When I came to -30 or 40 seconds later, or whenever it was - I was spinning, nose first, down to Hunland. The little holes and chips of wood, etc., were suddenly appearing all around me where the Hun’s bullets were chewing things up. I tried to turn round to scrap but my whole left leg was paralysed, and I could only fly ahead as fast and as steadily as I could for our lines, and pray that he wasn’t a very good shot. 
A German fighter, stalking him in clouds above, had pounced whilst he was diving on the 2-seater. The Jasta
scout swooped into Smithy’s blind spot, with perfect timing . Smithy’s SPAD
was sprayed with a burst from 2 Spandau
machine guns at point blank range.
Smithy’s adversary followed the stricken SPAD down, to finish it off
..which, thank goodness, he failed to do..
The deadly game of aerial cat-and-mouse lasted all the way to the British lines, as Reinhard tried to get Smithy’s SPAD in his cross hairs, and issue the coup-de-grace.
Albatros D.V of Obltn. Wilhelm Reinhard, Jasta 11, 1917/18; The ‘Hun’ thought to be responsible for shooting Smithy down.
I was feeling fairly groggy .. Blood was gradually filling my boot up past the knee….more by instinct than anything else, I made a moderately good landing, and then crawled out of the bus and fairly collapsed. They rushed the ambulance up and took me away to the C.S.S, where they operated.
By his own admission
It was a marvellous escape, considering there were 180 bullet holes in the machine and dozens round my head, within inches. Fortunately any that hit the engine didn’t do any damage, and it never "conked out."
..a certain satanic aspect
Smithy, like his engine, ‘conked out’ before undergoing surgery. Whilst recovering he wrote home, attaching a gruesome post-operative photo. It showed 2 missing toes and a large v-shaped wound.
As my foot will heal, it will give me a certain satanic aspect- a cloven foot as it were. But it doesn’t matter as long as I can walk all right
His cloven-hoofed foot gave him pain and a noticeable gait. His mental state was also severely strained. He wrote
My nerves have gone to the pack. I’m afraid I’m in for a breakdown if they get worse.
A cablegram boy delivered Smithy’s next message to his home in Neutral Bay. The Kingsford Smith’s apprehensions eased when they read:
Wound improving. Awarded Military Cross
Valuable work or foolish acts?
2nd Lt. Charles Kingsford Smith’s M.C. was Gazetted on 26/09/1917. His Citation appeared in the Gazette on the 9th/01/1918.
For conspicuous gallantry and devotion to duty… His efforts and fine offensive spirit and disregard of danger have set a very fine example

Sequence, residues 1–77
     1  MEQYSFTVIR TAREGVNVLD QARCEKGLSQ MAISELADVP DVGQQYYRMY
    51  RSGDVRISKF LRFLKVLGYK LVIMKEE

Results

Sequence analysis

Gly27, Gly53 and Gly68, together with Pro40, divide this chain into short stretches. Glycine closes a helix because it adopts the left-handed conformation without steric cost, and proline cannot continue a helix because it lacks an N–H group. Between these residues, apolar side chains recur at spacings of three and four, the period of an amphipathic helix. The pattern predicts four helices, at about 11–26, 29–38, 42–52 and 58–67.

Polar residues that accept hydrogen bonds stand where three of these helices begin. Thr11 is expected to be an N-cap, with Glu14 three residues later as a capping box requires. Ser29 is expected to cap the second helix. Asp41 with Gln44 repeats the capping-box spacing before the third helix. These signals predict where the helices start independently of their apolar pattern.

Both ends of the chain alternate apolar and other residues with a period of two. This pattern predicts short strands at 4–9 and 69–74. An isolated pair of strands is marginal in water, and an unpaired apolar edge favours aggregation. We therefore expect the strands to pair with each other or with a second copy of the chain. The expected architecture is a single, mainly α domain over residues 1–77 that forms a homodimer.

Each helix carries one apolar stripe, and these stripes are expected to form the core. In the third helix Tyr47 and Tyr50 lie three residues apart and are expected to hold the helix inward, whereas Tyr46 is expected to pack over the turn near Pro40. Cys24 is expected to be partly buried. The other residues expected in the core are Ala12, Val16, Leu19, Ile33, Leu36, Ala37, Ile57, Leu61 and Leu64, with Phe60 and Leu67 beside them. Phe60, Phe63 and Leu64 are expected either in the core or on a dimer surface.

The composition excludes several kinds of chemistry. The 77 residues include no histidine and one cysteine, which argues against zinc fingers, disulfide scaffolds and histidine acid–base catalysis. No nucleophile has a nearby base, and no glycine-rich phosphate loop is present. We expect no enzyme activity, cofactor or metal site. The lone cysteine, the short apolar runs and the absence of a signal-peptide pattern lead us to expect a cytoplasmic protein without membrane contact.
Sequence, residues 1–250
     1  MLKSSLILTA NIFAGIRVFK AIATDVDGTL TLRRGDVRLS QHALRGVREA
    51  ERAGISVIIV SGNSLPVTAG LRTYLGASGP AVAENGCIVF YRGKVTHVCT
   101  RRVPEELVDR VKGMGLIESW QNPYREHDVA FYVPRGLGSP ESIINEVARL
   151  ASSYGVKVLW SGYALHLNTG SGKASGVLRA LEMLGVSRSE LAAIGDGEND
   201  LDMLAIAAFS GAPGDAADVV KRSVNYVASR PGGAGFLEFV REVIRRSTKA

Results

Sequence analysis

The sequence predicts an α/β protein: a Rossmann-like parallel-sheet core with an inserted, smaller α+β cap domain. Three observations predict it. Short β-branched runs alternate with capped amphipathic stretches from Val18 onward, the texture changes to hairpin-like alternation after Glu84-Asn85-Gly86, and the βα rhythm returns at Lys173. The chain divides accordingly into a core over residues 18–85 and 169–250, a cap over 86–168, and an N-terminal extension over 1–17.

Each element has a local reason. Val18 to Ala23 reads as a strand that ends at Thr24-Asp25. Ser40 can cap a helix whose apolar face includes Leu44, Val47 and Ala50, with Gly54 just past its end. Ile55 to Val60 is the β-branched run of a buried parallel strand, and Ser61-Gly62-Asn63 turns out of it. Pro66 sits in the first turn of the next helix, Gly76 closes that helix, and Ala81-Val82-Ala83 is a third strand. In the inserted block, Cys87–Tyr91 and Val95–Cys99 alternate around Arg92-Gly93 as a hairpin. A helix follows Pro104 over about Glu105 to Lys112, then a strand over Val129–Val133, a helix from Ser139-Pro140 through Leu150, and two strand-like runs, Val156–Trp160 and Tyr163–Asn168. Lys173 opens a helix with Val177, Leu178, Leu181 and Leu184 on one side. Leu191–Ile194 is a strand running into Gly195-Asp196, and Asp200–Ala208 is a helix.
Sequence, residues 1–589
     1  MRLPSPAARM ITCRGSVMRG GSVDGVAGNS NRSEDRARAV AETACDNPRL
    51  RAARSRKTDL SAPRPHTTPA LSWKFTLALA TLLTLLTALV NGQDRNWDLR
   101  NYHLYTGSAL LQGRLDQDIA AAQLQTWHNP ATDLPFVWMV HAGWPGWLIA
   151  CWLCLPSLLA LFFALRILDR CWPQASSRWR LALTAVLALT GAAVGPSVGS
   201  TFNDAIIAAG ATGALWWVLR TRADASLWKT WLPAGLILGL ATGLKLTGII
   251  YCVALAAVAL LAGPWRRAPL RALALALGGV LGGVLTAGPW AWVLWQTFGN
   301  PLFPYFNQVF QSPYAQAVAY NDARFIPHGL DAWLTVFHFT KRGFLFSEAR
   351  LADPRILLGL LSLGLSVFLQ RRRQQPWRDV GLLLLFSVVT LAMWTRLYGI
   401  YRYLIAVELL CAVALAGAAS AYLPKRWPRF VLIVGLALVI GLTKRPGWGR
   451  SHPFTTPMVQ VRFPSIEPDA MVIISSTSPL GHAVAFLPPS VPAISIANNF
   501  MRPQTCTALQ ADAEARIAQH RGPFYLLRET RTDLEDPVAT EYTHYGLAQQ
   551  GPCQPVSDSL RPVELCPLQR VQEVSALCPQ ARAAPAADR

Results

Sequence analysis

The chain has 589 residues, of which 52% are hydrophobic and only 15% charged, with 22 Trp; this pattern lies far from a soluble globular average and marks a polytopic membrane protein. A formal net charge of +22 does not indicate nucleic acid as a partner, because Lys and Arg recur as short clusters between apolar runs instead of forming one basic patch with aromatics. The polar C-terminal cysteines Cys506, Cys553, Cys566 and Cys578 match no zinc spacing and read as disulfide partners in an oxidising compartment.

The citation mentions 4 enemy aircraft as having been shot down during his 1st month at the front. It also cited
most valuable work in attacking ground targets and hostile balloons. Of the latter he forced at least nine to be hauled down by his persistent attacks, during which he was repeatedly attacked himself by large hostile formations, and his efforts undoubtedly stopped all hostile balloon observation during a critical period.
In Nov. 1917 Lieut. C.K.S. was invited to Buckingham Palace to meet the King. After George V had pinned an M.C. onto his chest, Smithy took a step back. Somewhat embarrassingly, he got tangled up in his crutches and ended up in a heap on the floor. He later would joke that he had been given the award for "various acts of foolishness." 
After the war he remained ambivalent about his achievements
..why linger over those hectic days on the Western Front? In our funny old machines, prodigious feats were performed by "intrepid airmen" in things tied up with bits of string, and when it was not unknown for the London Gazette to announce a packet of twenty Military Crosses had been handed out to as many young subalterns and airmen for "distinguished service."
I managed to shoot down a few "Huns", as we called them in those good old days, and I managed to get wounded and shot down myself. It was service all right, though I doubt whether it was very distinguished, all the time we were youngsters learning a lot. We were imbibing an immense store of flying experience and technical knowledge, and we were learning something to my mind is far more valuable- the capacity to look after yourself, the instinct to do or to die, the desire for action, without of thought of the risks and dangers.